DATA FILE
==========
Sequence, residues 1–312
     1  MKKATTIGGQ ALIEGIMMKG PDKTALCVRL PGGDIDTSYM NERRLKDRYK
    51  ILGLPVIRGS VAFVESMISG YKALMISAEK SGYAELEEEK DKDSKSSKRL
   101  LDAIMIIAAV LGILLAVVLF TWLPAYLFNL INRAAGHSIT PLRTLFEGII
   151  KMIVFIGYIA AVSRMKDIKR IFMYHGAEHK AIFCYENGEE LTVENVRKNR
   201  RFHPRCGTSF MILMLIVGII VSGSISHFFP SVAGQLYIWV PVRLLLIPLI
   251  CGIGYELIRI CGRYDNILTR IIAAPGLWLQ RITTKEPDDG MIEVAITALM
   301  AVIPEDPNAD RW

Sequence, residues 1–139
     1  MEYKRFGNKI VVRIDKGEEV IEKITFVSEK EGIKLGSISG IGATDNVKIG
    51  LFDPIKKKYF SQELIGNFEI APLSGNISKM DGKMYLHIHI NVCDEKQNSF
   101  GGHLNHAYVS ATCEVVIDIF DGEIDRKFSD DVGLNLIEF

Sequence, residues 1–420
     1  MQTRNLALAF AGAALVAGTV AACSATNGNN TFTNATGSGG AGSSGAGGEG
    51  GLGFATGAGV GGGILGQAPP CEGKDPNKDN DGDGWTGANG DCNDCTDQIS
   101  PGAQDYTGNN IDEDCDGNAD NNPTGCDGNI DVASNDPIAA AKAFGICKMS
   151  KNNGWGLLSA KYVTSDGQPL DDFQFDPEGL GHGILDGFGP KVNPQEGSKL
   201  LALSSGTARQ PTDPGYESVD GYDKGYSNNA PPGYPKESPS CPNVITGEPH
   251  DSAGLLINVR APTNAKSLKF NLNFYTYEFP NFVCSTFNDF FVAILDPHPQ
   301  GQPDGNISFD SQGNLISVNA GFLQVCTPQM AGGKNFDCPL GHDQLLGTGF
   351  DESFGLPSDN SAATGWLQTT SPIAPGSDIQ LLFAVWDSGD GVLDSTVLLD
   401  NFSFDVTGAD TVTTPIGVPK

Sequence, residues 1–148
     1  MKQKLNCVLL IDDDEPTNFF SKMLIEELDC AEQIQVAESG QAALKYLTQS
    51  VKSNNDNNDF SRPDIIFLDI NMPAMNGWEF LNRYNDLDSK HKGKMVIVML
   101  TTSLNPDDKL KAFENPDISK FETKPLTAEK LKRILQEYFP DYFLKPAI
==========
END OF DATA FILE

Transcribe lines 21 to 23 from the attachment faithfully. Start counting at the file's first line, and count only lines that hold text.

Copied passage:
   351  DESFGLPSDN SAATGWLQTT SPIAPGSDIQ LLFAVWDSGD GVLDSTVLLD
   401  NFSFDVTGAD TVTTPIGVPK

Sequence, residues 1–148